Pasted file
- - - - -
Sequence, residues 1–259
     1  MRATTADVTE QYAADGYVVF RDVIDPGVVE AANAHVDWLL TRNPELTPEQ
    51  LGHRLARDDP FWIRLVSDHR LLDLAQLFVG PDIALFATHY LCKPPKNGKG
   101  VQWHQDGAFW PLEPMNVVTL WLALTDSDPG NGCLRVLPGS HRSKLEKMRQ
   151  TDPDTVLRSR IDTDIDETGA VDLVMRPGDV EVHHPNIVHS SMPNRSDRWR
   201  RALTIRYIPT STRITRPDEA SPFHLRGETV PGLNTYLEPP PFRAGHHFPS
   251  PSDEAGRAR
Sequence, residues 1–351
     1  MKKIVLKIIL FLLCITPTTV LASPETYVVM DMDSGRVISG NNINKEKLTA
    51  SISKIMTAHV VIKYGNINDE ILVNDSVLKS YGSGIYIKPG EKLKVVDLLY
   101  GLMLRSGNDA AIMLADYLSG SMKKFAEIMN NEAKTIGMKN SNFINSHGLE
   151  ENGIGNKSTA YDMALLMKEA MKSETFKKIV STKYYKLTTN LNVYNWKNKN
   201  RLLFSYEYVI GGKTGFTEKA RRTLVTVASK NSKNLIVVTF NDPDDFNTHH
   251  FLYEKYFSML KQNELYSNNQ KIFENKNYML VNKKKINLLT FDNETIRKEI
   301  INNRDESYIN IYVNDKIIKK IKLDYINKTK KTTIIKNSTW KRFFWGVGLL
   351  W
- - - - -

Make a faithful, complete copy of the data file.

Sequence, residues 1–259
     1  MRATTADVTE QYAADGYVVF RDVIDPGVVE AANAHVDWLL TRNPELTPEQ
    51  LGHRLARDDP FWIRLVSDHR LLDLAQLFVG PDIALFATHY LCKPPKNGKG
   101  VQWHQDGAFW PLEPMNVVTL WLALTDSDPG NGCLRVLPGS HRSKLEKMRQ
   151  TDPDTVLRSR IDTDIDETGA VDLVMRPGDV EVHHPNIVHS SMPNRSDRWR
   201  RALTIRYIPT STRITRPDEA SPFHLRGETV PGLNTYLEPP PFRAGHHFPS
   251  PSDEAGRAR
Sequence, residues 1–351
     1  MKKIVLKIIL FLLCITPTTV LASPETYVVM DMDSGRVISG NNINKEKLTA
    51  SISKIMTAHV VIKYGNINDE ILVNDSVLKS YGSGIYIKPG EKLKVVDLLY
   101  GLMLRSGNDA AIMLADYLSG SMKKFAEIMN NEAKTIGMKN SNFINSHGLE
   151  ENGIGNKSTA YDMALLMKEA MKSETFKKIV STKYYKLTTN LNVYNWKNKN
   201  RLLFSYEYVI GGKTGFTEKA RRTLVTVASK NSKNLIVVTF NDPDDFNTHH
   251  FLYEKYFSML KQNELYSNNQ KIFENKNYML VNKKKINLLT FDNETIRKEI
   301  INNRDESYIN IYVNDKIIKK IKLDYINKTK KTTIIKNSTW KRFFWGVGLL
   351  W